ZC: I never anticipated going back; I just assumed that would be it for that show but apparently not! I can’t say too much about Joanne Perly without giving too much away, but I will say that she appears to be a sweet young mother but is actually something else underneath. She ends up being an intricate part of the episode, which revolves around a bank robbery. Her baby also goes on to be adopted by the Murdochs, which was a new kind of plotline for the show.

Last year you made your feature film debut in Jeremy Lalonde’s comedy, “How to Plan an Orgy in a Small Town,” a project just a little different from “Murdoch Mysteries.” What was your experience playing Young Cassie? 

ZC: My experience doing that film was really wonderful, it was a great set to be on and it was so exciting to be playing the leading character in the opening act. I had to have a different relationship with the camera than I’d ever had before, because the emotional heart of the opening of the film rested on me…because of that I learned a lot.

What was it like acting alongside Lauren Holly in the film? 

ZC: It was great; Lauren is really lovely and very generous.

Did you learn or absorb anything from working with her?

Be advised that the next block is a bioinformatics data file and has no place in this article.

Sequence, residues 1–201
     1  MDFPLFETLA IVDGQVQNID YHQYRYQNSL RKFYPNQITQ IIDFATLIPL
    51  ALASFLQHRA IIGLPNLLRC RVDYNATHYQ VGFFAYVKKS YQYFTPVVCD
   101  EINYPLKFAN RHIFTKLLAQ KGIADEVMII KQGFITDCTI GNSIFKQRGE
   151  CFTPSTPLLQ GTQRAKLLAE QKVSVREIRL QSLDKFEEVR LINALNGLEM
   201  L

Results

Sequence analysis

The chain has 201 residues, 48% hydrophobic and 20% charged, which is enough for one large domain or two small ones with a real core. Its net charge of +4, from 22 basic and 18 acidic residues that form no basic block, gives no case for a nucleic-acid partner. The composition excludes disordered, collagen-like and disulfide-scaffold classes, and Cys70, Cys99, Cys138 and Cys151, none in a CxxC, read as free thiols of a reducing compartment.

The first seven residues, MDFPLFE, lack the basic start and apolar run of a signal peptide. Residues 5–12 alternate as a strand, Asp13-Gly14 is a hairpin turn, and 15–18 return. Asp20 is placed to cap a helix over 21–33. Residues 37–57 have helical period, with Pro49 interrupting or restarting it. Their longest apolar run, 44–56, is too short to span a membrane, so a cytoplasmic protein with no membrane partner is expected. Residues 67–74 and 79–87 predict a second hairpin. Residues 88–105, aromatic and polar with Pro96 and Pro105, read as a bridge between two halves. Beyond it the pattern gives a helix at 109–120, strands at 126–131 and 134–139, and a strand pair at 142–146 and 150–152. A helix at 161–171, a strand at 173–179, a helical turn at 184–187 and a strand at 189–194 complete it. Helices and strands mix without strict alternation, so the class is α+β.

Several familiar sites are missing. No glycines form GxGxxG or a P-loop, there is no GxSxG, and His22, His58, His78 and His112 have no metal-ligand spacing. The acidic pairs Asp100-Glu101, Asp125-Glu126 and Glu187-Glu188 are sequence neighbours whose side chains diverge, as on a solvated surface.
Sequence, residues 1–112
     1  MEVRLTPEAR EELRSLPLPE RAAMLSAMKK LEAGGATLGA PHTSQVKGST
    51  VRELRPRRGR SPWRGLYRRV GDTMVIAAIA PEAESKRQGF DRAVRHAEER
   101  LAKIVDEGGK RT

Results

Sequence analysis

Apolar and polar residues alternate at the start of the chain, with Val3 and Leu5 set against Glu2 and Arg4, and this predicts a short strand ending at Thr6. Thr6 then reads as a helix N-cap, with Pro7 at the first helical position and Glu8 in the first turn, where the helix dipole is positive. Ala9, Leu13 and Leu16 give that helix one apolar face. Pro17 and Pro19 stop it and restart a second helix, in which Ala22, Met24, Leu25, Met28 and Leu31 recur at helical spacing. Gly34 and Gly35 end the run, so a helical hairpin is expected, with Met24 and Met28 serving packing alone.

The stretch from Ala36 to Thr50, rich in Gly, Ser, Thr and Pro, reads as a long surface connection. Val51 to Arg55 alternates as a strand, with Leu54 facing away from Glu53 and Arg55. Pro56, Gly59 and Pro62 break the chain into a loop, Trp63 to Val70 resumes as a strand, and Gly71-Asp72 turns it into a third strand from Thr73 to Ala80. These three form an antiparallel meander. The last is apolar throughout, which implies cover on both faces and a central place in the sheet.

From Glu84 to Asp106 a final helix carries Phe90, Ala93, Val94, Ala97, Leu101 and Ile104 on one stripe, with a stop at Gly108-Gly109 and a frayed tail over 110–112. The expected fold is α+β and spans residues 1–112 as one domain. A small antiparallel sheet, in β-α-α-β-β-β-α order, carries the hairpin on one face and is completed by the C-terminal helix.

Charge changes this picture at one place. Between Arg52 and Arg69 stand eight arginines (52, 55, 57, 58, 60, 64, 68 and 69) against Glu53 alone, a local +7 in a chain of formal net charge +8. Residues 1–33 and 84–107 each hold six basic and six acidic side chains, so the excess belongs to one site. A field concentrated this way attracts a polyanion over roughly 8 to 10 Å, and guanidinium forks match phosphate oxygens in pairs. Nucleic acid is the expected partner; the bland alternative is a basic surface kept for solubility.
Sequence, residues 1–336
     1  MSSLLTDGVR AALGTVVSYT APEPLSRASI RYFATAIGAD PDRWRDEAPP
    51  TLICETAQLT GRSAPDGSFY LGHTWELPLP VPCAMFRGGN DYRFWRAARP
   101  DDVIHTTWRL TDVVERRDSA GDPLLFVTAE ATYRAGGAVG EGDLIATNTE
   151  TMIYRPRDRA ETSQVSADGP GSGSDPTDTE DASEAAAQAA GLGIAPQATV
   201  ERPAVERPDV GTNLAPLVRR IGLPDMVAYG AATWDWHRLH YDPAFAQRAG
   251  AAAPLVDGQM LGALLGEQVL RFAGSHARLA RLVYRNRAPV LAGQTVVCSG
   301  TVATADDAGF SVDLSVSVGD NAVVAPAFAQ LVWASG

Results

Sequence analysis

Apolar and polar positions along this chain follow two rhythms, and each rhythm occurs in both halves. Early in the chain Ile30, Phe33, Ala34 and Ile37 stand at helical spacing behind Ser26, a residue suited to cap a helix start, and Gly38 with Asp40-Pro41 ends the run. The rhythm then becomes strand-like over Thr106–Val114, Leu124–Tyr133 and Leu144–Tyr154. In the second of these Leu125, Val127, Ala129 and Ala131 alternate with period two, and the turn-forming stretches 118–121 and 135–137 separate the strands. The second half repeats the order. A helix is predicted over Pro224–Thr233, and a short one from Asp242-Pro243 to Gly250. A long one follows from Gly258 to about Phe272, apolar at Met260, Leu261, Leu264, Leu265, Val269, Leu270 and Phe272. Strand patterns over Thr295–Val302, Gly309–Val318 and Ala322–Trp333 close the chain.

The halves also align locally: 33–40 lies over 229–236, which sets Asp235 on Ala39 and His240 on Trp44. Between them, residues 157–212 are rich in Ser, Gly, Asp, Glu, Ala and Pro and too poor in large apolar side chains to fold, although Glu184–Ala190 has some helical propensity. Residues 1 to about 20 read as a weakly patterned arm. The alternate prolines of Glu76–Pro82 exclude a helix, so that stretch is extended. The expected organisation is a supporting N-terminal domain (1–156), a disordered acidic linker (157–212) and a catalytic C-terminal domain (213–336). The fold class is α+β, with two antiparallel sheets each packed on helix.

ZC: I did, I learned a lot just from watching her work and also from talking to her, we had a lot of time to chat in between takes and she was really open about her life in the industry, so I absorbed a lot from that.

Did the topic of “Dumb & Dumber” or Jim Carrey ever arise? 

ZC: Haha no, I’ve never actually seen the movie.

What are the characteristics a great actress possesses?

ZC: Great question! I think the ability to empathize is probably near the top, because without that there would be no acting. Apart from that, I’m going to say openness, vulnerability, bravery and imagination.

How do you try to incorporate those qualities into your own acting?

ZC: I just try to be honest with myself about whether I really feel I’m being true to a character and/or situation…whether I’m going as far as I can into whatever reality I am portraying. I think if I am I will exhibit these qualities by default.

What is one thing that people would never suspect about being a film and television actress? 

ZC: I think people tend to have ideas about film and TV acting that it is a really glamorous job…and that somehow the actors are the most important part of the whole production. In reality it is really a collaborative thing, there is so much work that goes into film from so many different people and it is truly a team effort. That’s one of the things I love about it. It also really isn’t as glamorous as people think, there’s a lot of waiting around and it takes a lot of passion and stamina to continue to be present in the work.